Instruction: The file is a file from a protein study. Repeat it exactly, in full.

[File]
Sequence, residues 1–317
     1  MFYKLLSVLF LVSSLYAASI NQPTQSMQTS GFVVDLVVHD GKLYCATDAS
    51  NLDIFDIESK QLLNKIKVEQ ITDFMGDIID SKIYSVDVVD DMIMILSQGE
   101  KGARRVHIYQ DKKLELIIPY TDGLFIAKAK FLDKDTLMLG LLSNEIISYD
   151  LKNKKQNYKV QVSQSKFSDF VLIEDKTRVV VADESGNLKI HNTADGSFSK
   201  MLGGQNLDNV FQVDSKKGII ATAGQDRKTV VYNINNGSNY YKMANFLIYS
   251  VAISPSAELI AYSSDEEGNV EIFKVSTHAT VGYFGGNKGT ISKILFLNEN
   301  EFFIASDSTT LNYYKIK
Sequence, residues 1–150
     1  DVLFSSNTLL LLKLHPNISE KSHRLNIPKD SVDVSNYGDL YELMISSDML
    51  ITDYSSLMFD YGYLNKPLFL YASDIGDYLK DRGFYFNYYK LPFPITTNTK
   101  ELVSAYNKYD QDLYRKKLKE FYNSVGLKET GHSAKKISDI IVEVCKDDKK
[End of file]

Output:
Sequence, residues 1–317
     1  MFYKLLSVLF LVSSLYAASI NQPTQSMQTS GFVVDLVVHD GKLYCATDAS
    51  NLDIFDIESK QLLNKIKVEQ ITDFMGDIID SKIYSVDVVD DMIMILSQGE
   101  KGARRVHIYQ DKKLELIIPY TDGLFIAKAK FLDKDTLMLG LLSNEIISYD
   151  LKNKKQNYKV QVSQSKFSDF VLIEDKTRVV VADESGNLKI HNTADGSFSK
   201  MLGGQNLDNV FQVDSKKGII ATAGQDRKTV VYNINNGSNY YKMANFLIYS
   251  VAISPSAELI AYSSDEEGNV EIFKVSTHAT VGYFGGNKGT ISKILFLNEN
   301  EFFIASDSTT LNYYKIK
Sequence, residues 1–150
     1  DVLFSSNTLL LLKLHPNISE KSHRLNIPKD SVDVSNYGDL YELMISSDML
    51  ITDYSSLMFD YGYLNKPLFL YASDIGDYLK DRGFYFNYYK LPFPITTNTK
   101  ELVSAYNKYD QDLYRKKLKE FYNSVGLKET GHSAKKISDI IVEVCKDDKK